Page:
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Rediviva Friese

(Life: Kingdom: Metazoa (animals); Phylum: Arthropoda; Class: Hexapoda; Order: Hymenoptera; Superfamily: Apoidea; Family: Melittidae; Subfamily: Melittinae)

Rediviva Friese, 1911

Classification

 

Rediviva albifasciata Whitehead & Steiner, 1994 (South Africa)

Rediviva alonsoae Whitehead & Steiner, 2001 (South Africa)

Rediviva autumnalis Whitehead & Steiner, 2008 (South Africa)

Rediviva aurata Whitehead & Steiner, 2001 (South Africa)

Rediviva brunnea Whitehead |& Steiner, 2008 (South Africa)

Rediviva colorata Michener, 1981 (South Africa)

Rediviva emdeorum Vogel & Michener, 1985 (South Africa)

 

Rediviva gigas Whitehead & Steiner, 1993 (South Africa)

Rediviva intermedia Whitehead & Steiner, 2001 (South Africa)

Rediviva intermixta (Cockerell, 1934) (South Africa)

Rediviva longimanus Michener, 1981 (South Africa)

Rediviva macgregori Whitehead & Steiner, 2001 (South Africa)

Rediviva micheneri Whitehead & Steiner, 2001 (South Africa)

Rediviva neliana Cockerell, 1931 (Lesotho, South Africa)

Rediviva nitida Whitehead & Steiner, 2001 (South Africa)

Rediviva pallidula Whitehead & Steiner, 1992 (South Africa)

Rediviva parva Whitehead & Steiner, 2001 (South Africa)

Rediviva peringueyi (Friese, 1911) (South Africa)

Rediviva rhodosoma Whitehead & Steiner, 2008 (South Africa)

Rediviva ruficornis Whitehead & Steiner, 2001 (South Africa)

Rediviva rufipes (Friese, 1913) (South Africa)

Rediviva rufocincta (Cockerell, 1944) (South Africa)

Rediviva saetigera Whitehead & Steiner, 1992 (South Africa)

Rediviva steineri Kuhlmann, 2012 (South Africa)

 

Rediviva transkeiana Whitehead & Steiner, 2008 (South Africa)

Rediviva whiteheadi Kuhlmann, 2012 (South Africa)

Distribution

South Africa.

Biology

Females are morphologically adapted to collect oil from a variety of oil-producing flowers (Iridaceae, Orchidaceae and Scrophulariaceae, Stilbaceae) in particular Diascia species (Scrophulariaceae) (Manning & Brothers 1986, Whitehead & Steiner 2001, Manning & Goldblatt 2002, Pauw 2006, Pauw et al. 2017, Whitehead et al. 2008). Flowers of Diascia species have twin spurs, which in some species are extremely elongated. Females of Rediviva species collect oil from the bottom of the spur by simultaneously inserting their elongate forelegs into each of the two spur tubes in the process pollinating the flower. The position of the anthers between the spurs ensures direct contact of pollen with the visiting bee's body. The pollen that adheres to her body makes contact with the stigma when she visits the next flower, ensuring effective cross-pollination. The oil is extracted with the aid of specialized hairs on the legs and transferred to the back legs for transport to the nest. The collected oil is mixed with pollen and this mixture is used as a food provision for her larvae, which develop in an underground nest.  Based on the correlation between spur and leg length co-evolution of the two partners as been hypothesised (Steiner & Whitehead 1990, 1991). 80% of evolutionary change in leg length was explained by adaption to the selective environment imposed by long-spurred, oil-secreting flowers i.e. long legs have largely evolved in oil-collecting Rediviva bees as a response to this selection pressure (Pauw et al 2017). These bees also have generalized pollen collecting habits (Kuhlmann & Eardley 2012) and are ground nesters (Kuhlmann, 2012).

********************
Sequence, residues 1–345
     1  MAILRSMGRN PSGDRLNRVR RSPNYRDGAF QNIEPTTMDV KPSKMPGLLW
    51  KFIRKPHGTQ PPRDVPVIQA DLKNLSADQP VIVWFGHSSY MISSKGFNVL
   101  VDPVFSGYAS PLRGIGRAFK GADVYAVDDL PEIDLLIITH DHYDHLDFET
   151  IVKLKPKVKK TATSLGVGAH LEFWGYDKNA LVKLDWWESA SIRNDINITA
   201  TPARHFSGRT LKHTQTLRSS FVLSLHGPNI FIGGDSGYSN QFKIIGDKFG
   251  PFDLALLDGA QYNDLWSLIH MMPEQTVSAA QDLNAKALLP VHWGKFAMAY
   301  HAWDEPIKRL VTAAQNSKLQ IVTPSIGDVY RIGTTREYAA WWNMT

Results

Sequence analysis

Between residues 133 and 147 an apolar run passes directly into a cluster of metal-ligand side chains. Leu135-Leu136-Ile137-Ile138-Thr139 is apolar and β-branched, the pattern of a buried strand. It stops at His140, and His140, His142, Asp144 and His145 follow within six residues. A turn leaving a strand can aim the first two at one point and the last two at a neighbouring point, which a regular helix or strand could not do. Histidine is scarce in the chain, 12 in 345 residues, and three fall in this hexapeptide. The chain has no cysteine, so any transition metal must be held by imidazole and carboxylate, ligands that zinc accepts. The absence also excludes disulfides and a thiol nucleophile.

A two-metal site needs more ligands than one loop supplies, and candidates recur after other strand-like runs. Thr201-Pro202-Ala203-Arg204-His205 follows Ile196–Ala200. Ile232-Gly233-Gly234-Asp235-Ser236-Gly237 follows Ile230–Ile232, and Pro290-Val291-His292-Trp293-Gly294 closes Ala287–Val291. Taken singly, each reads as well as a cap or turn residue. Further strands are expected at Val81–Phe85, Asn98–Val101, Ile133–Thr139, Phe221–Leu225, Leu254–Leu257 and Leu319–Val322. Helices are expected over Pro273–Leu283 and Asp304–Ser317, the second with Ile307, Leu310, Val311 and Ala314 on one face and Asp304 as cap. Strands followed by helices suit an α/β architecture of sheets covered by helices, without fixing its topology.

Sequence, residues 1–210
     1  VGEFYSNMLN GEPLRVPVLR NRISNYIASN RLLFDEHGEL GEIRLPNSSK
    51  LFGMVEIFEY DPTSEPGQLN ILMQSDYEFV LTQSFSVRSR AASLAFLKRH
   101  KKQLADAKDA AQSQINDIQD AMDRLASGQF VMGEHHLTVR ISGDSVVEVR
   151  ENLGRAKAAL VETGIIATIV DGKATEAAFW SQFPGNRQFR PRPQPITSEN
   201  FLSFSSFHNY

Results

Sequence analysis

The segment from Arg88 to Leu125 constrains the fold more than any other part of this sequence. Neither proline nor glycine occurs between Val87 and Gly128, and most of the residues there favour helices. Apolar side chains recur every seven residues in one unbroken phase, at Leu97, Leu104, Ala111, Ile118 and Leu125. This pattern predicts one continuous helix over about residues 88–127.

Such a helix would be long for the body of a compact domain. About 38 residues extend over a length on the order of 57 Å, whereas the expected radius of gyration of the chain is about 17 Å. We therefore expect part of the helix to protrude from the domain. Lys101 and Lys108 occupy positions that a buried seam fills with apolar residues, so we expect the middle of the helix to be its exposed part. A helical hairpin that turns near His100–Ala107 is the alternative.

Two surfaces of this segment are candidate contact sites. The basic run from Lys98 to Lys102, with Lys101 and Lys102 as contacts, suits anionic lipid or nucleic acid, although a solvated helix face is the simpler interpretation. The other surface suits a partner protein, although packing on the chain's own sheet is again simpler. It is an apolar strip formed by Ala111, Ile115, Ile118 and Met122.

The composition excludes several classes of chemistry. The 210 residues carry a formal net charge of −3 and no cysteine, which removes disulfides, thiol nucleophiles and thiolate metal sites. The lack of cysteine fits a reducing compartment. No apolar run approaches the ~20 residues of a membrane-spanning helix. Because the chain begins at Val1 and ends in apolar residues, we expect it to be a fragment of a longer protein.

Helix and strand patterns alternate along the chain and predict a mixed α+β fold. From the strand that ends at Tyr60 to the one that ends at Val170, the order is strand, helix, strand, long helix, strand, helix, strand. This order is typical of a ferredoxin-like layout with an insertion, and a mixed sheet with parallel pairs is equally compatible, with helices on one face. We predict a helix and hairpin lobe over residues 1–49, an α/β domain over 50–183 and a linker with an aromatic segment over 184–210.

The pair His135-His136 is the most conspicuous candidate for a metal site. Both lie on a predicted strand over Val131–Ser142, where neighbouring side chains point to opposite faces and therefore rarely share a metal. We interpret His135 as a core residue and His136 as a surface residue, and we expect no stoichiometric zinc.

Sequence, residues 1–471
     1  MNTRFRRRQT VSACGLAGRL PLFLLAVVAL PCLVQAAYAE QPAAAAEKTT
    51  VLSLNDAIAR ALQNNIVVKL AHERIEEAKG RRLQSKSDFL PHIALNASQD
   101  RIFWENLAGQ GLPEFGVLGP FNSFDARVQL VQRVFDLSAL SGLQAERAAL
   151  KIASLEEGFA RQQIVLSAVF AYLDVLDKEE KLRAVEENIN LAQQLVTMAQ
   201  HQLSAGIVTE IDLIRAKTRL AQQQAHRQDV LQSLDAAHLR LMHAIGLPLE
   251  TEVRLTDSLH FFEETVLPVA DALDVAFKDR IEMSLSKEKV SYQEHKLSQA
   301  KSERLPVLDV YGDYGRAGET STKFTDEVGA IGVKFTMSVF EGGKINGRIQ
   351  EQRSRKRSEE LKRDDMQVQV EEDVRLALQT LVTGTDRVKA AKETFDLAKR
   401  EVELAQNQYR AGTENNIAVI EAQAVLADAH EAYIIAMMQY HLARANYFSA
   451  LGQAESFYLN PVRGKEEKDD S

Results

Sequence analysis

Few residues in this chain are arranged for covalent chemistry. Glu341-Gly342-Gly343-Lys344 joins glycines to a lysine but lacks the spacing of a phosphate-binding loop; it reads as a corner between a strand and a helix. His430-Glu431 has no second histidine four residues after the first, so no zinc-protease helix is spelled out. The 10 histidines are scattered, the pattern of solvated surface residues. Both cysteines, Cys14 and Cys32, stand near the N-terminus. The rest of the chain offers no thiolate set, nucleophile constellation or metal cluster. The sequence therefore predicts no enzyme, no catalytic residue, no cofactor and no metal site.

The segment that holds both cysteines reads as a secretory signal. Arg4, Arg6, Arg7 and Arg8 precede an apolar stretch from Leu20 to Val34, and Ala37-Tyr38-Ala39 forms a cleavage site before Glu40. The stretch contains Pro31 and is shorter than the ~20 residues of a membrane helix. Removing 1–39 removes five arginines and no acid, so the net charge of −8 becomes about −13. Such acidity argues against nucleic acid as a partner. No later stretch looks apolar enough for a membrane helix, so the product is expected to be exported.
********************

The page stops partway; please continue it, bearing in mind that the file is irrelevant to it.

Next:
References

Brothers D.J. 1999. Phylogeny and evolution of wasps, ants and bees (Hymenoptera, Chrysidoidea, Vespoidea and Apoidea) Zoologica Scripta 28: 233–250.

Cockerell, T.D.A. 1934. Descriptions and records of bees.—CXLVIII. Annals and Magazine of Natural History, (ser. 10) 13: 444–456.

Eardley, C & Urban, R. 2010. Catalogue of Afrotropical bees (Hymenoptera: Apoidea: Apiformes). Zootaxa 2455: 1-548.